As of Aug. 31, 2017, cash and cash equivalents were $252.6 million and available credit and accounts receivable facilities were $490.6 million. Because of the refinancing of notes due in 2017 and 2018 during the most recent fiscal quarter, CMC says it has reduced its long-term debt by approximately $240 million since May 31, 2017, and has no significant debt maturities for the next five years. The company also is positioned to have reduced cash interest costs going forward in excess of $25 million per year.
CMC President and CEO Barbara Smith says, “The company took action during fiscal 2017 to reallocate capital to our core manufacturing operations and improve our financial profile. The refinancing activities have strengthened our balance sheet to provide lower debt service cost and extend our debt maturity profile. We made good progress regarding our decision to exit the International Marketing and Distribution segment in order to focus our resources on the attractive long product markets in the U.S. and Poland. The Polish operations are taking full advantage of the new furnace and caster investments to produce more and higher value merchant product, and, in the U.S., we look forward to the commissioning of our new micro mill in Durant, Oklahoma, which is scheduled to begin in our fiscal second quarter of 2018.”
Oct. 24, 2017, the board of directors of CMC declared a quarterly dividend of 12 cents per share of CMC common stock for stockholders of record as of Nov. 8, 2017. The dividend will be paid Nov. 22, 2017.
CMC says its Americas Recycling segment recorded adjusted operating profit of $2.9 million for the fourth quarter of fiscal 2017 compared with adjusted operating loss of $45.1 million for the fourth quarter of fiscal 2016. The loss in the fourth quarter of fiscal 2016 was largely because of a $38.9 million pretax impairment charge related to long-lived assets in our Americas Recycling segment. Shipments increased 37 percent in comparison to the same period of the prior year as flows through the yards remained strong and as a result of the seven recycling yards that were acquired earlier in fiscal 2017.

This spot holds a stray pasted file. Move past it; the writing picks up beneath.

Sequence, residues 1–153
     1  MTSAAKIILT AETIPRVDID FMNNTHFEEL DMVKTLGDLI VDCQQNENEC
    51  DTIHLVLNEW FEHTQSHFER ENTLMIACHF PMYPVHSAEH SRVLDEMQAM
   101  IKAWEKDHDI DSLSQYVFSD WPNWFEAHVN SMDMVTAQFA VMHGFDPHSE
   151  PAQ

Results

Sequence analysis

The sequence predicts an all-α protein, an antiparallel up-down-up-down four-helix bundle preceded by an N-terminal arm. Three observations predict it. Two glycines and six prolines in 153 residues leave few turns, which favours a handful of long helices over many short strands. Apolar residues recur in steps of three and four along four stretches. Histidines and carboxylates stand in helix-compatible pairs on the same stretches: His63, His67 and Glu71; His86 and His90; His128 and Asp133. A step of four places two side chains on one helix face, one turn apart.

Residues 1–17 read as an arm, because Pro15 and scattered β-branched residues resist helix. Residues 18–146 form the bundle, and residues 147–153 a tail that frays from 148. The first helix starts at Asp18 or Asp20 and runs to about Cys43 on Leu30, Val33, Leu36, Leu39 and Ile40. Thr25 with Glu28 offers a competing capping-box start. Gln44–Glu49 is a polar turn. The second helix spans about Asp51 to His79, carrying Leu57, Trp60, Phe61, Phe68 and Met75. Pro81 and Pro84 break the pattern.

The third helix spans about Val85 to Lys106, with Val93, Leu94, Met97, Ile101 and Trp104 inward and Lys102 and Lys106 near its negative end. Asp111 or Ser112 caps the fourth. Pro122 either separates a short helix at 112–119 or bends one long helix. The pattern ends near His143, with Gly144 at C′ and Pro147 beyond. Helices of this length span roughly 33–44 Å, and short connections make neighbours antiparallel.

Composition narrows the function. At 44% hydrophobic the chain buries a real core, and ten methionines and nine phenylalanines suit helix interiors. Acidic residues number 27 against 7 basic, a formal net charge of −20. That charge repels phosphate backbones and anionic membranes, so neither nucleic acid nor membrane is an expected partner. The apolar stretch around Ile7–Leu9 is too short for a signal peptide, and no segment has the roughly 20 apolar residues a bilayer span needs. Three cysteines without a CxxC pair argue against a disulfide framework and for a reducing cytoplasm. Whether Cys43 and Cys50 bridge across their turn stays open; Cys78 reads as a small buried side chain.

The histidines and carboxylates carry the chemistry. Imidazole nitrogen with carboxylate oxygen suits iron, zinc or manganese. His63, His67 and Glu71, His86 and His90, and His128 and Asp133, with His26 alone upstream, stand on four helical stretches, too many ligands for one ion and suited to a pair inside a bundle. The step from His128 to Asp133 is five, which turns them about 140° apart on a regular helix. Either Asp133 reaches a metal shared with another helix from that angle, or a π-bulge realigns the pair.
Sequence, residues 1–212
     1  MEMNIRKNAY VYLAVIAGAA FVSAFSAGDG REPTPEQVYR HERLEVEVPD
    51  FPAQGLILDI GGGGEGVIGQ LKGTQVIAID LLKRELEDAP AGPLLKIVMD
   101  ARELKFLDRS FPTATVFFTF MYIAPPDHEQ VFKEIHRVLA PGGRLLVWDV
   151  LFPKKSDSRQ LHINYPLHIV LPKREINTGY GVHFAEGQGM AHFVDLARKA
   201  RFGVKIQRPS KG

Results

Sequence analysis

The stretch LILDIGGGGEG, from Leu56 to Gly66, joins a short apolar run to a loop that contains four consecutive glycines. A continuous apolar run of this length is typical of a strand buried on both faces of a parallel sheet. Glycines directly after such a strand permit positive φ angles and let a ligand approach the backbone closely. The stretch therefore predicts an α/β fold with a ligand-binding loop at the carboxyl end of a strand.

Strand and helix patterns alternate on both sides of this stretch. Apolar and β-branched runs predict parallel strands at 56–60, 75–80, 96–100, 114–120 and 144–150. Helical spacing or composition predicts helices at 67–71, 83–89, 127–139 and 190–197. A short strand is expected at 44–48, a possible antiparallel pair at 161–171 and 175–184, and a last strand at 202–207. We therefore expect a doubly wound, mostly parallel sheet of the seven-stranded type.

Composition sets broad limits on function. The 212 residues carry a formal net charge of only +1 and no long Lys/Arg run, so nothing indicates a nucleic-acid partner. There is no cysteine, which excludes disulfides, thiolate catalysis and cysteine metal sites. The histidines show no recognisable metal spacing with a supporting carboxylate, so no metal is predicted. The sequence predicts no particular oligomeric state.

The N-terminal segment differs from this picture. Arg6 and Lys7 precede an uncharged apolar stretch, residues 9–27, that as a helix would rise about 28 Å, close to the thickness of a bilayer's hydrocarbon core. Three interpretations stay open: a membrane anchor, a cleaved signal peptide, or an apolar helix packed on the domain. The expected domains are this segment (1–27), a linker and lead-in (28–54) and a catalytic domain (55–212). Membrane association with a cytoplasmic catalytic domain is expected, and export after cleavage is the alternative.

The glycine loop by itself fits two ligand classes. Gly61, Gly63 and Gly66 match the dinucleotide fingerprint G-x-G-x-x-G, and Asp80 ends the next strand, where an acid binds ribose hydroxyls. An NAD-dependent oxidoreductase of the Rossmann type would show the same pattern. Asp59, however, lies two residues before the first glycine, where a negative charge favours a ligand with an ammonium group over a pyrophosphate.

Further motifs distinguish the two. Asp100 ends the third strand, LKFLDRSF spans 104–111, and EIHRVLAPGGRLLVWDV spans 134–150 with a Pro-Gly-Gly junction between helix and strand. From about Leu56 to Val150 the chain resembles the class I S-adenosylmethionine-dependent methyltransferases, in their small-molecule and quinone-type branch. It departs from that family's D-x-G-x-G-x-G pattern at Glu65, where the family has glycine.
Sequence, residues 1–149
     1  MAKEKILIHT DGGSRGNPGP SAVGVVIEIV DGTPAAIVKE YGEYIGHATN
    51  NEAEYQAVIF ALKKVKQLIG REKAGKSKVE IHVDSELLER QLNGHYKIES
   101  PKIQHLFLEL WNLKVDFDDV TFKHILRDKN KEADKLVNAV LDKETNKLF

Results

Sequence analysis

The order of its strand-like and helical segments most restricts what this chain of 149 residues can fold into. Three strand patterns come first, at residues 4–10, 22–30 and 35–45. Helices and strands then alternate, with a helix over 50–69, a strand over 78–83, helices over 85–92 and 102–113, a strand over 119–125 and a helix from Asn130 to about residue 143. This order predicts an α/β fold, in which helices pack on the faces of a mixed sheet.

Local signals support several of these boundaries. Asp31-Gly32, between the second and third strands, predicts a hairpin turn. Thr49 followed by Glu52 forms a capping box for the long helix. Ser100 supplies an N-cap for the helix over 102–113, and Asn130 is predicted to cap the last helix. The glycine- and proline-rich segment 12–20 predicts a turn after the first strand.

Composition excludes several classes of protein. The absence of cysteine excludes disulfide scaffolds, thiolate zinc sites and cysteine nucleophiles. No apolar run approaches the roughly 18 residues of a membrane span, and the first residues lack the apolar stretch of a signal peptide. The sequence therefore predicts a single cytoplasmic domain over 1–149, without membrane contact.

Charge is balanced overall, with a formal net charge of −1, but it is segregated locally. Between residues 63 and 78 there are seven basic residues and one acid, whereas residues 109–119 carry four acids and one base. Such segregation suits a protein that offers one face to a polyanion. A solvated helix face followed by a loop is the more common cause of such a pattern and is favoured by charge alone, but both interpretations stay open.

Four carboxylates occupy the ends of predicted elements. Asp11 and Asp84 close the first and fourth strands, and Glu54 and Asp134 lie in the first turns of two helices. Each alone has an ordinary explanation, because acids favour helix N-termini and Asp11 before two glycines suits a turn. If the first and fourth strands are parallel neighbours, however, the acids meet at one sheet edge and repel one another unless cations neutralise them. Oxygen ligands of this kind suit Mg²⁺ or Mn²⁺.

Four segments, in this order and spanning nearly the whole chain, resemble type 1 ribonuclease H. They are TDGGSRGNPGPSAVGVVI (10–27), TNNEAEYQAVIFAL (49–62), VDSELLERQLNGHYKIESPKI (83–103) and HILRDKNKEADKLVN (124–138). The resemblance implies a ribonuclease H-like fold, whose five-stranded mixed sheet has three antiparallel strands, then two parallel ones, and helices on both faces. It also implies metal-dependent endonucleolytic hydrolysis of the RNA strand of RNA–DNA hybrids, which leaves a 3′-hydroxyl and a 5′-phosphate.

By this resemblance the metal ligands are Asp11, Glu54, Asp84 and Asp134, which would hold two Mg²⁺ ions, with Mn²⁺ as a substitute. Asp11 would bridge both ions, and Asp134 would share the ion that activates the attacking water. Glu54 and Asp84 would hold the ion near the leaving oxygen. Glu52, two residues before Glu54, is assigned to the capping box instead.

CMC’s Americas Mills segment recorded adjusted operating profit of $29.8 million for the fourth quarter of fiscal 2017 compared with an adjusted operating profit of $45 million for the fourth quarter of fiscal 2016. Despite strong long-steel demand which resulted in an 8 percent increase in shipments compared with the same period of the prior year, cost pressures squeezed margins during the quarter, CMC says.
The company’s Americas Fabrication segment recorded an adjusted operating loss of $4.9 million for the fourth quarter of fiscal 2017 compared with adjusted operating profit of $9.6 million for the fourth quarter of fiscal 2016. The decrease in adjusted operating profit for the fourth quarter of fiscal 2017 was because of a competitive fabrication market. CMC says this has resulted in newly awarded contracts being at lower selling prices than in the prior year despite also incurring higher steel input costs.
Its International Mill segment recorded adjusted operating profit of $14.6 million for the fourth quarter of fiscal 2017 compared with adjusted operating profit of $18.7 million for the fourth quarter of fiscal 2016. Despite the quarterly results being lower than the prior year, CMC says shipped volumes were 16 percent higher compared with the same period of the prior year while producing strong earnings throughout fiscal 2017. A strong construction market in conjunction with an expansion of higher margin merchant volumes were the main contributor to the results.
“Our outlook is somewhat different when we think about our U.S. operations compared to our Polish operations,” says Smith.
“Our outlook for demand from the U.S. nonresidential construction market remains quite positive in spite of a lack of movement on infrastructure stimulus. However, market conditions remain very challenging as a result of raw material price changes and escalating input costs,” she continues. “Metal margins remain under pressure due to the ongoing influx of dumped and subsidized imports. We saw a temporary pause in rebar imports after the announcement of the Section 232 review into the effect of imports on national security. However, recent data indicates another surge in rebar imports is on its way. We believe that no action taken by the current administration to address these unfair trade practices is likely to result in imports returning to their previous high levels, negatively impacting the industry’s operating results or potentially even imperiling the long-term viability of the U.S. steel industry.”